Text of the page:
It's been nearly exactly two months since I saw "Inside Llewyn Davis" for the first time at the Austin Film Festival. With this weekend marking the film's wide release, including the city of Austin, I feel it's time to finally put pen-to-paper so to speak.
The only problem is, Joel and Ethan Coen have made a film in "Inside Llewyn Davis" that is best described as the epitome of "Coenesque." A film so striking and complex it takes two months (or more) to get your head around it properly.
Simply put, this film is another glorious achievement for the Coens on a long list of cinematic masterpieces.
Yes, masterpiece is a very hyperbolic word yet with the Coen brothers it seems to be a common word with all their works. "Inside Llewyn Davis" takes the word to another level though.
A story of a struggling musician living in Greenwich Village in 1961 by the name of Llewyn Davis (played by Oscar Issac), this latest effort by the Coen brothers takes the art of music and film in their hands with the proper amount of attention and care both mediums deserve.
Davis lives through his music. So much so in fact every other aspect of his life is in the toilet. He has no place to live, makes little to no money and continues to rely on the ever more hostile Jean (Carey Mulligan) and her lover Jim (Justin Timberlake).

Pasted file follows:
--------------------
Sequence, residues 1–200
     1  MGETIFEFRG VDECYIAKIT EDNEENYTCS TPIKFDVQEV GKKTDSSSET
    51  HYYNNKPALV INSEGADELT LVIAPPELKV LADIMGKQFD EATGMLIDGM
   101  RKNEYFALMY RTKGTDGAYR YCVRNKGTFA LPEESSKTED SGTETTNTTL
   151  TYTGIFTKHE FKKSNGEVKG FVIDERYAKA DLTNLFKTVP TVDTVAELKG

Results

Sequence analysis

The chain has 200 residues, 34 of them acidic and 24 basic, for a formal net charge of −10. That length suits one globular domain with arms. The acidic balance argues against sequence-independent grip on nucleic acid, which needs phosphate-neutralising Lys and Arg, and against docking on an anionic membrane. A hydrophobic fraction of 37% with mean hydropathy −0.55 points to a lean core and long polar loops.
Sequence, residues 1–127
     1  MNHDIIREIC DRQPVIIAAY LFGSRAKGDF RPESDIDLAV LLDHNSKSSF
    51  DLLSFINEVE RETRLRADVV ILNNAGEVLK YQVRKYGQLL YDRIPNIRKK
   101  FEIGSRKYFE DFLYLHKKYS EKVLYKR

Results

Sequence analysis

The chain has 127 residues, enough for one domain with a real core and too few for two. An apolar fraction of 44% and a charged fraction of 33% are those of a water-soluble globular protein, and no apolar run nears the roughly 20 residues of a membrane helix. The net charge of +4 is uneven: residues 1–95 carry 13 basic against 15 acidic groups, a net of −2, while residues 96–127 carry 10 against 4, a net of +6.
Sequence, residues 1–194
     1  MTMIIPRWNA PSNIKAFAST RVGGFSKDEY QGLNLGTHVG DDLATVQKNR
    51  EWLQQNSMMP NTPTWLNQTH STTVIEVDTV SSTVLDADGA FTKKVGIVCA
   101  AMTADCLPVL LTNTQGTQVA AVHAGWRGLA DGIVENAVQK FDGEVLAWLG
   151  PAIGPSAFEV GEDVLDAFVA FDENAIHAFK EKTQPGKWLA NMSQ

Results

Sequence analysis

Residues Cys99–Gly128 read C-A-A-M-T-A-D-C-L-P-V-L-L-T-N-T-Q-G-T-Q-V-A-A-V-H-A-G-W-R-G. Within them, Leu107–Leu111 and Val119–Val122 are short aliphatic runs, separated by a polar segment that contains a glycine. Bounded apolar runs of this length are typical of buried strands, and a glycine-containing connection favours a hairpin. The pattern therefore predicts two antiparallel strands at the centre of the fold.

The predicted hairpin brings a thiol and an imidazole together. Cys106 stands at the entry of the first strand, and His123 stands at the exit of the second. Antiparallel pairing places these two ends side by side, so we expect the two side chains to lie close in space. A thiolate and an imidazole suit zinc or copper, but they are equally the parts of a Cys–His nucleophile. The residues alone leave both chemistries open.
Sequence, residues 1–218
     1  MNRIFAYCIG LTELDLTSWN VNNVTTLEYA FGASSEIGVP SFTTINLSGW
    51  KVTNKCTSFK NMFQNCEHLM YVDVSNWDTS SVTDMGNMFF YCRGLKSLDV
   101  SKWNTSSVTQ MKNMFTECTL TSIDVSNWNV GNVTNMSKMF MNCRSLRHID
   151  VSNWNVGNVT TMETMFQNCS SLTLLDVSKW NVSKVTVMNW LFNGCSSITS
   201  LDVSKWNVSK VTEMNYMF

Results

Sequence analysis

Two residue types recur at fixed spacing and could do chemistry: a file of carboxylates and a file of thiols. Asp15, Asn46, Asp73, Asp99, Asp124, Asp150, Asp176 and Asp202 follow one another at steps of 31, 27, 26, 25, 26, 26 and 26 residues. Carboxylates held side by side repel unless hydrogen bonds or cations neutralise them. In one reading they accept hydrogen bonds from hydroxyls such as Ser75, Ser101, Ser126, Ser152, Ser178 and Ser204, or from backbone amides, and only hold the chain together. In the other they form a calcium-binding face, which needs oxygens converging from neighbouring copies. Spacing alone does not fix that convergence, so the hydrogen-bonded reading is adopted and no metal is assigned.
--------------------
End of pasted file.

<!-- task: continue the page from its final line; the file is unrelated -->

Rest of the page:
A cyclical tale of disaster and misfortune for Mr. Davis, "Inside Llewyn Davis" breathes with such potent authenticity that you feel as if you are watching a bio-pic of an existing musician rather than a narrative film about the embodiment of the down and out artist.
Issac's impressive performance ability helps sell the film as a believable examination of the early 1960's singer-songwriters. A voice that could stand up to the tests of history and the musicians of today was necessary and Issac delivers exactly that with a strong acting performance away from his music to top it all off.
The music Issac and the rest of the cast (including Timberlake, Mulligan and Tony Award nominee Stark Sands) performs is a mix of classic tunes with a few brilliant originals like the goofy "Please Mr. Kennedy." Most of Issac's song catalog as Davis are songs from late singer-songwriter Dave Van Ronk.
While not a biopic of Van Ronk's life, Oscar Issac and producer T-Bone Burnett have both said the character of Llewyn Davis was inspired by Van Ronk. Even the album Davis promotes in the film of the same title of the film is identical to an album cover of Van Ronk's.
While the end of "Inside Llewyn Davis" may not satisfy or make sense for all who see the film, "Inside Llewyn Davis" succeeds with flying colors in achieving its goal of constructing a cinematic vision of what life was like for independent musicians in the 1960's and what life is like for them still today.
"Inside Llewyn Davis" expanded to Austin on Friday and is now playing at the Violet Crown Cinema and Regal Arbor Cinema 8 @ Great Hills. Tickets and showtimes are available at the links in each theater's name.